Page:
What soap is to the body, laughter is to the soul.
Laughter is the sensation of feeling good all over and showing it principally in one place.
—Josh Billings (Henry Wheeler Shaw) (1818–85) American Humorist, Author, Lecturer
Genuine and innocent wit is surely the flavor of the mind. Man could not direct his way by plain reason, and support his life by tasteless food; but God has given us wit, and flavor, and brightness, and laughter, and perfumes, to enliven the days of man’s pilgrimage, and to charm his pained steps over the burning marl.
—Sydney Smith (1771–1845) English Clergyman, Essayist, Wit
The more laws, the more offenders.
—Thomas Fuller (1608–61) English Cleric, Historian
Laughter’s the nearest we ever get, or should get, to sainthood. It’s the state of grace that saves most of us from contempt.
—John Osborne (1929–94) English Playwright, Actor
It is impossible for you to be angry and laugh at the same time. Anger and laughter are mutually exclusive and you have the power to choose either.
—Wayne Dyer (1940–2015) American Self-Help Author
Among those whom I like or admire, I can find no common denominator, but among those I love, I can: all of them make me laugh.
—W. H. Auden (1907–73) British-born American Poet, Dramatist
Him, who incessantly laughs in the street, you may commonly hear grumbling in his closet.
—Johann Kaspar Lavater (1741–1801) Swiss Theologian, Poet
In every job, relationship, or life situation there is inevitably some turbulence. Learn to laugh at it. It is part of what you do and who you are.
—Allen Klein (1931–2009) American Businessperson
Man is the only animal that laughs and weeps, for he is the only animal that is struck with the difference between what things are and what they ought to be.
—William Hazlitt (1778–1830) English Essayist
Laughter is one of the very privileges of reason, being confined to the human species.
—Thomas Carlyle (1795–1881) Scottish Historian, Essayist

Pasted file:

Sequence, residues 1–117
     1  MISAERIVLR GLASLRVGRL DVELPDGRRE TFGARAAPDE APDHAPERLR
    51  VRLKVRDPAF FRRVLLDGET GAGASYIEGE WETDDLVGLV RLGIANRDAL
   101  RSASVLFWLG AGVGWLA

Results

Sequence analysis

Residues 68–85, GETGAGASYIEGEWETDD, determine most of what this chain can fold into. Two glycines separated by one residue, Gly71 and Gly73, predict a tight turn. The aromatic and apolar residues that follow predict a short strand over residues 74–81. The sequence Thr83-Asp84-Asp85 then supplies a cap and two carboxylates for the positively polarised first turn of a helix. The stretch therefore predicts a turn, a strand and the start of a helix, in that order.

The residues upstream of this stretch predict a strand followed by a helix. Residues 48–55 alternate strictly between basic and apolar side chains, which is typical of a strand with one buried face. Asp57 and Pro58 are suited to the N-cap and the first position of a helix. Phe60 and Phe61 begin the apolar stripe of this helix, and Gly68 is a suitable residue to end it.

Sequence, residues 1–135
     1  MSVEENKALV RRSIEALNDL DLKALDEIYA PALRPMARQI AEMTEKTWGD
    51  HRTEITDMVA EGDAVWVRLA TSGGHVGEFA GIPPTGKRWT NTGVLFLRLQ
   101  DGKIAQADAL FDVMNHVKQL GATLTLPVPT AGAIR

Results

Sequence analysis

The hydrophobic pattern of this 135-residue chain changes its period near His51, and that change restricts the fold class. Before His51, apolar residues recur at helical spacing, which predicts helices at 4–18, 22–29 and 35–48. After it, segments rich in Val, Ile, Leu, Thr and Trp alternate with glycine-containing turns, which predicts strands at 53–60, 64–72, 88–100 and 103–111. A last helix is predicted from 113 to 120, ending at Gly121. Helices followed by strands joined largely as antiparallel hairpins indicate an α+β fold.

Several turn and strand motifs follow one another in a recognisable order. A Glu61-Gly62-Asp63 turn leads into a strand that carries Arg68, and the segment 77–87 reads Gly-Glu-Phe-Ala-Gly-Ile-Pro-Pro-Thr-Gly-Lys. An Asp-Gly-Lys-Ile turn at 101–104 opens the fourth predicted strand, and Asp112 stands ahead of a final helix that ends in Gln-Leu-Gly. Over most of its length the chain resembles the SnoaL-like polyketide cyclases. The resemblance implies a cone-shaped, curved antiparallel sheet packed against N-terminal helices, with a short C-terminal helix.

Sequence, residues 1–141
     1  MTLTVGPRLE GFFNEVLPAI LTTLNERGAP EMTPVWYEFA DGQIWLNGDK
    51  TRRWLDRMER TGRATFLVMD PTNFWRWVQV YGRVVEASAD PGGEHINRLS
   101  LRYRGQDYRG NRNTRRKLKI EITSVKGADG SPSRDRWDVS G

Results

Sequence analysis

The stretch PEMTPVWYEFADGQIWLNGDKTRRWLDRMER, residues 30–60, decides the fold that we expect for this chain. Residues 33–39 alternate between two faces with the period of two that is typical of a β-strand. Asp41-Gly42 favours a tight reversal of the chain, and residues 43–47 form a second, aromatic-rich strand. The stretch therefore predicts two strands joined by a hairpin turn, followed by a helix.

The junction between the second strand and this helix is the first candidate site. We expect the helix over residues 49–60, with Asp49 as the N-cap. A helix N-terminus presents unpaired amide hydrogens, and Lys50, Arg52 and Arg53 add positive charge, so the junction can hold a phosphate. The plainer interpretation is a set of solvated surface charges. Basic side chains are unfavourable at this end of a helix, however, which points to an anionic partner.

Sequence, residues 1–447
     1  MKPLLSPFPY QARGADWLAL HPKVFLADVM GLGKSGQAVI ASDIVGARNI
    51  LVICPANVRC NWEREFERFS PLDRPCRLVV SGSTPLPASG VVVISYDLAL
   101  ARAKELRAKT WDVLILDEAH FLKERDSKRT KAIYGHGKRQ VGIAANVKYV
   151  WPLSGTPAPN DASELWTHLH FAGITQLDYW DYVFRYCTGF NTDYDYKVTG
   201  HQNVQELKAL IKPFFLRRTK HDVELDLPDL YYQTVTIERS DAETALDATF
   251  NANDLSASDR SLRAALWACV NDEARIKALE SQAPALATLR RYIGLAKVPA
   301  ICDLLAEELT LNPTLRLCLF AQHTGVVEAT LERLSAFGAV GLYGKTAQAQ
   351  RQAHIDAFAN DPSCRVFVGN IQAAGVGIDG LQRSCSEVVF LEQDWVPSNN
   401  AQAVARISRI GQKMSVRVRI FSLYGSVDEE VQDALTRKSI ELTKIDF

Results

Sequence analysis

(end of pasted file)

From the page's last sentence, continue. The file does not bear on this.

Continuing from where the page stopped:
There exists a kind of laughter, which is worthy to be ranked with the higher lyric emotions and is infinitely different from the twitching of a mean merrymaker.
—Nikolai Gogol (1809–52) Russian Novelist, Dramatist
A good, real, unrestrained, hearty laugh is a sort of glorified internal massage, performed rapidly and automatically. It manipulates and revitalizes corners and unexplored crannies of the system that are unresponsive to most other exercise methods.
Laughter is not at all a bad beginning for a friendship, and it is far the best ending for one.
—Oscar Wilde (1854–1900) Irish Poet, Playwright
If you wish to glimpse inside a human soul and get to know a man … just watch him laugh. If he laughs well, he’s a good man.
—Fyodor Dostoyevsky (1821–81) Russian Novelist, Essayist, Writer
The loud laugh, that speaks the vacant mind.
—Oliver Goldsmith (1730–74) Irish Novelist, Playwright, Poet
From quiet homes and first beginning,
Out to the undiscovered ends,
There’s nothing worth the winning,
But laughter and the love of friends.
—Hilaire Belloc (1870–1953) British Historian, Poet, Critic
Blessed are those who can laugh at themselves, they will never cease to be amused.
You know what I love, sweetheart? The thoughts that used to send us into deep depression—these same thoughts, once understood, send us into laughter.
—Byron Katie (b.1942) American Speaker, Author
Frequent and loud laughter is the characteristic of folly and ill manners; it is the manner in which the mob express their silly joy at silly things, and which they call being merry.—In my mind there is nothing so ill-bred as audible laughter.
—Earl of Chesterfield (1694–1773) English Statesman, Man of Letters
I am thankful for laughter, except when milk comes out of my nose.
—Woody Allen (b.1935) American Film Actor, Director
I have seen what a laugh can do. It can transform almost unbearable tears into something bearable, even hopeful.
—Bob Hope (1903–2003) British-born American Comedian
To promote laughter without joining in it greatly heightens the effect.
—Honore de Balzac (1799–1850) French Novelist
Laugh and the world laughs with you;
Weep, and you weep alone;
For the sad old earth must borrow its mirth,
But has trouble enough of its own.
—Ella Wheeler Wilcox (1850–1919) American Poet, Journalist
Laughter is the sun that drives winter from the human face.
—Victor Hugo (1802–85) French Novelist
No one is more profoundly sad than he who laughs too much.
—Jean Paul (1763–1825) German Novelist, Humorist
Men show their character in nothing more clearly than by what they find laughable.
Laughter would be bereaved if snobbery died.
—Peter Ustinov (1921–2004) British Actor, Playwright, Director
Perhaps I know best why it is man alone who laughs; he alone suffers so deeply that he had to invent laughter.
—Friedrich Nietzsche (1844–1900) German Philosopher, Scholar, Writer
What provokes your risibility, Sir?. Have I said anything that you understand?. Then I ask pardon of the rest of the company.
—Samuel Johnson (1709–84) British Essayist